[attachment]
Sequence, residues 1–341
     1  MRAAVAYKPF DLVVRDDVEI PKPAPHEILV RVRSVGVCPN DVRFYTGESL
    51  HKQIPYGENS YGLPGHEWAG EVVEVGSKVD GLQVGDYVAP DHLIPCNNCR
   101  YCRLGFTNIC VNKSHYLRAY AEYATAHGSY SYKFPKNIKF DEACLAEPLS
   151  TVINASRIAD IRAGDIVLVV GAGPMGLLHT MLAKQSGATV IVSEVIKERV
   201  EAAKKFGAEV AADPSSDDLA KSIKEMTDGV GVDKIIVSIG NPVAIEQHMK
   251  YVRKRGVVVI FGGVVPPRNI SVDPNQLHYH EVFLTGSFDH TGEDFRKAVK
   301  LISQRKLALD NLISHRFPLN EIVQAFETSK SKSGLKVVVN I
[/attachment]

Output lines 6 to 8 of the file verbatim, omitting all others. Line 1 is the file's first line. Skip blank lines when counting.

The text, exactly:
   201  EAAKKFGAEV AADPSSDDLA KSIKEMTDGV GVDKIIVSIG NPVAIEQHMK
   251  YVRKRGVVVI FGGVVPPRNI SVDPNQLHYH EVFLTGSFDH TGEDFRKAVK
   301  LISQRKLALD NLISHRFPLN EIVQAFETSK SKSGLKVVVN I